How to come back from the dead

motivation Back from dead wellbeingI’ve been meaning to write this post for a couple of weeks. But I’ve been busy. Dead busy. Then bloody Leo from Zen Habits beat me to it again with his ‘motivation after vacation’ post. He’s always doing everything before me. Better than me. But that’s another post… Back to me.

Over the past 3 weeks I’ve had a few drinks. I’ve smoked a few ciggies. I’ve stopped the daily meditation practice. I haven’t been to yoga. I’ve stressed about money. Yelled at my kids. Worked day and night. Cried over work. Let sleep suffer. Eaten shit food. Lacked motivation.

The ‘me’ I want to be through this blog died for a while.

But now she’s been given the chance at a fresh start. So I’m trying to resurrect her.

When you’ve fallen off the wellbeing wagon — whether it’s through a life challenge or a holiday — it can be bumpy as shit when you get back on. So here’s a sneak peek into how I’m trying to bring Wellbeing Bites Bec back from the brink of death.

1. Go easy on yourself
The ‘life challenge’ that threw me off course felt all consuming. I was really really unhappy. I tried my usual tricks to deal with it. They didn’t work. So I wallowed for a few weeks. But I’m not going to beat myself up over it any more. If your mum, brother, friend or partner fell off the wagon, would you kick them while they lay in the dirt? No? Then don’t be an arsehole to yourself. It’s not helpful.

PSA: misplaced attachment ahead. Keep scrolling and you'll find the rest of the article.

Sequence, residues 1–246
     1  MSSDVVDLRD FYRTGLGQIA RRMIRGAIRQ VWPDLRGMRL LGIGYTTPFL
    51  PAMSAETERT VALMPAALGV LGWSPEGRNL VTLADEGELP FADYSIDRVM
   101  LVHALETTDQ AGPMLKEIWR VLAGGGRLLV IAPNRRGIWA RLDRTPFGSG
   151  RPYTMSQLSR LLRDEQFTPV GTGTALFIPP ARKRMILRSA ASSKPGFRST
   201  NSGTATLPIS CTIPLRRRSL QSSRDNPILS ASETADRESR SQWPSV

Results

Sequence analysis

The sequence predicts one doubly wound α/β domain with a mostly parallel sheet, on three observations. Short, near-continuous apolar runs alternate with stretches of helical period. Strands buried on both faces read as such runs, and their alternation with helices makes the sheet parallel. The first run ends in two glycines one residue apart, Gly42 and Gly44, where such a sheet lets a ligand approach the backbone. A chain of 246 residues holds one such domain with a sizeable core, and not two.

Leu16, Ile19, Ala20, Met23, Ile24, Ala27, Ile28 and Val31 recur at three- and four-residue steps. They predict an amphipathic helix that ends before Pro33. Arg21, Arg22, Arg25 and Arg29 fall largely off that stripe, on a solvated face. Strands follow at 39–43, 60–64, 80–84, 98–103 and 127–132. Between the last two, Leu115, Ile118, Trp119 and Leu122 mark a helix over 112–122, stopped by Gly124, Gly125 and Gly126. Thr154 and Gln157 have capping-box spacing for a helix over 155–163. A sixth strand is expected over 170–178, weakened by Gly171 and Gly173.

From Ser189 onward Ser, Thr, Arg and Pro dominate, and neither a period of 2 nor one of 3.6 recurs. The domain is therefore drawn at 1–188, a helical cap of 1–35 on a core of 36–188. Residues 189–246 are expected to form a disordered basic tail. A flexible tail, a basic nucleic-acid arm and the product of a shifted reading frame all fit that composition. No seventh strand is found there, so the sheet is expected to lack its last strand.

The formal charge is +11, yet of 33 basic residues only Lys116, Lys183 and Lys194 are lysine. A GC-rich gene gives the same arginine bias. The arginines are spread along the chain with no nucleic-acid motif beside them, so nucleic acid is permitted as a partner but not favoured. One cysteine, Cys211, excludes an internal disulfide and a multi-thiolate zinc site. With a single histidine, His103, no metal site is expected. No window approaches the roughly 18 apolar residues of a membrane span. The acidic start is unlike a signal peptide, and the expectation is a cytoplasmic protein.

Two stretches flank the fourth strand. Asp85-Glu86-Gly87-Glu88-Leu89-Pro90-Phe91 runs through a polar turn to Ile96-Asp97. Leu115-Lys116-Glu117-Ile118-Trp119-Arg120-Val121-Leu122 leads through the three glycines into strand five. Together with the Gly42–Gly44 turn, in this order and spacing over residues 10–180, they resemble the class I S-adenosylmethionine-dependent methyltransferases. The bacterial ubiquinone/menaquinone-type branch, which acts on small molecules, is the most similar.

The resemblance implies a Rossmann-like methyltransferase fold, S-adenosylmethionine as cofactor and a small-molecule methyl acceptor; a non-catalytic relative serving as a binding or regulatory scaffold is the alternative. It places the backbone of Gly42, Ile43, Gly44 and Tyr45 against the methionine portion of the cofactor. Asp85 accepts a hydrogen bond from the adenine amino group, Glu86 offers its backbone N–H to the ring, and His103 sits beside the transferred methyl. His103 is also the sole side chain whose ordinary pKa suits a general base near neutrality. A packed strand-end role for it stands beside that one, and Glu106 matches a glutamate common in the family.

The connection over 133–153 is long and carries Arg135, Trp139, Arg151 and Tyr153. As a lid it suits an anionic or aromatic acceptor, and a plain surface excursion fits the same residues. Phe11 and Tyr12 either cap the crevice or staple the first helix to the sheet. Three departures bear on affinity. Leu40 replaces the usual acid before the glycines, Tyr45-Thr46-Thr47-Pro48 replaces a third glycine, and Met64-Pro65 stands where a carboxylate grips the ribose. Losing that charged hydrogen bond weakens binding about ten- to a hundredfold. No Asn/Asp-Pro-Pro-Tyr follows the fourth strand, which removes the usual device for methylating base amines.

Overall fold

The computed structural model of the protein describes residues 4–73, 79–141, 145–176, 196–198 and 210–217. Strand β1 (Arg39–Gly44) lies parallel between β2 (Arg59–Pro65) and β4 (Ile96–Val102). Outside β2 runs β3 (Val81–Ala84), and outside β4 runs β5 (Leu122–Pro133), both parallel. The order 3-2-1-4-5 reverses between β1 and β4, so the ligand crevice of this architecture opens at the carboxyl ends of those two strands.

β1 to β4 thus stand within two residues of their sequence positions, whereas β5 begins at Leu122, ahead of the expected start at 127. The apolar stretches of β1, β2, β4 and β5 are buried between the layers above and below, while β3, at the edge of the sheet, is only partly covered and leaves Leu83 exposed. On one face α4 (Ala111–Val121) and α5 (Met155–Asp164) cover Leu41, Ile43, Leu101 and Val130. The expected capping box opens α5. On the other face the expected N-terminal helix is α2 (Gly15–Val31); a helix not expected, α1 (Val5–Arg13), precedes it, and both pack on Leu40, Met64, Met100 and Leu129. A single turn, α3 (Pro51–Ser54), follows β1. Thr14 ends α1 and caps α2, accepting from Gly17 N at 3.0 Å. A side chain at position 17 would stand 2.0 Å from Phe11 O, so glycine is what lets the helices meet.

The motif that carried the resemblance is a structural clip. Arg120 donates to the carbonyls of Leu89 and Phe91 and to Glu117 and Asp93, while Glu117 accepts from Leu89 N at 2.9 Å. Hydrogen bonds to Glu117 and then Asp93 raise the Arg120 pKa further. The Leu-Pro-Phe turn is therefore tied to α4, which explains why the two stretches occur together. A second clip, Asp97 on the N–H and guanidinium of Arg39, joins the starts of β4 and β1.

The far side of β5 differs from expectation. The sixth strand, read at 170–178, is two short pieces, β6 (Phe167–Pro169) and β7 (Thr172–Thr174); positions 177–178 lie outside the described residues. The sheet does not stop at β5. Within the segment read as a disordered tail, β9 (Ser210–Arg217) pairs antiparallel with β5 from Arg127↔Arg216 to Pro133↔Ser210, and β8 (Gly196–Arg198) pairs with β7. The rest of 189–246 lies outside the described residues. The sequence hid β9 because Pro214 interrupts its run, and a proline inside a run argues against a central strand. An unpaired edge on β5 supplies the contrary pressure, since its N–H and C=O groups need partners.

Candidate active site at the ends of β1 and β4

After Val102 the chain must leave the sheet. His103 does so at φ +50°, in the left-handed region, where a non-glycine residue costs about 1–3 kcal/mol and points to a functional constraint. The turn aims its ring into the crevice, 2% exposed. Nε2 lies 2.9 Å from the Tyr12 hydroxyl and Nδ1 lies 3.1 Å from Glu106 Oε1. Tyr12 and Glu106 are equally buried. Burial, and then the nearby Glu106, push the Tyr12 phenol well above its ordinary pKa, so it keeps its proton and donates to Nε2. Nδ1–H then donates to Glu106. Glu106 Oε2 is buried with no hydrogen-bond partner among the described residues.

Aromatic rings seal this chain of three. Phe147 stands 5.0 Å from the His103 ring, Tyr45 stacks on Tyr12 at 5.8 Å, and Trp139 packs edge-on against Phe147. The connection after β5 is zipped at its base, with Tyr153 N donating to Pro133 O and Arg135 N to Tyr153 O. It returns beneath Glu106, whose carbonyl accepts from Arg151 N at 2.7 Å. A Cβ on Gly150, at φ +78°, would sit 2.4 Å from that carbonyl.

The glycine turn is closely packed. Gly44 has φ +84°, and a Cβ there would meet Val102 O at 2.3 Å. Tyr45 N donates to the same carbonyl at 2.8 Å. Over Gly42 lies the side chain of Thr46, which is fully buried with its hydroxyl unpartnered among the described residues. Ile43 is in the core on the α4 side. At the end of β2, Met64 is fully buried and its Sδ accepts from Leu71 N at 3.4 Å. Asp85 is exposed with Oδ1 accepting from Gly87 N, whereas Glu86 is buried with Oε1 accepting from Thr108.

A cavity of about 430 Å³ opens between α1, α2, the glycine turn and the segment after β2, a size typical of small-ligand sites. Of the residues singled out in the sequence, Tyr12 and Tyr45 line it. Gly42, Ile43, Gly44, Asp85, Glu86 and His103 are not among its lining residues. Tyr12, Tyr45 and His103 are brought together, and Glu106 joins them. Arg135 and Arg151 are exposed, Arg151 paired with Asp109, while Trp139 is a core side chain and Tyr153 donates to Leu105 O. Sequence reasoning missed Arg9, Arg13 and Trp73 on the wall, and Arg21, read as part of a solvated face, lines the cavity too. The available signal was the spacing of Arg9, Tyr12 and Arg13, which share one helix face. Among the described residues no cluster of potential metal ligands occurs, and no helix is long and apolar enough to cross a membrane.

2. Hold yourself accountable
You fell of the wagon. It’s no one else’s fault. I’ve blamed a number of others for my recent brush with wellbeing death, but I’ve realised that blame only serves to give my power away. Take responsibility. Forgive yourself. Then move on.

3. Be accountable to someone else
In my other life as a freelance writer I have clients that I have weekly commitments to. I would never deliver late or sub-standard work. I’ve realised that I need to make the same commitment to myself, and to this blog — for my readers and for myself. So I’m using Wunderlist to schedule Wellbeing bites posts and I’ve told my husband that he will receive a draft every Tuesday evening. He’ll relish the opportunity to ‘remind’ me if I fail to deliver…

4. Start back small to prevent overwhelm
If I try to get back to my wellbeing peak without giving my body and mind fair warning, I’ll fall off that wobbly-as-fuck wagon again in no time. So I’m starting small. Commit to my weekly blog post, get to bed by 11pm and meditate for 10 minutes a day. Start back with 2 or 3 easy-to-achieve tasks, celebrate your achievements and build from there.

5. Squash negative self-talk
You will have days where you don’t feel like meditating/writing/exercising. When nothing seems to flow and you feel like you’re moving backwards. Your mind will say “too hard”. Be aware of its chatter, but don’t listen. Talk yourself into things instead. Say “I can do this. I am epic.” It might feel like self-delusion at first, but be persistent and your positive self-talk will start to ring true.

I’m thinking of my recovery as more of a slow rehabilitation than a full-blown back-to-life miracle. But every word I write, every meditation session I show up for, every time I stop to think before I yell — each of these moments is a tiny victory.

I’m not exactly back to Bec, but I’m breathing again.

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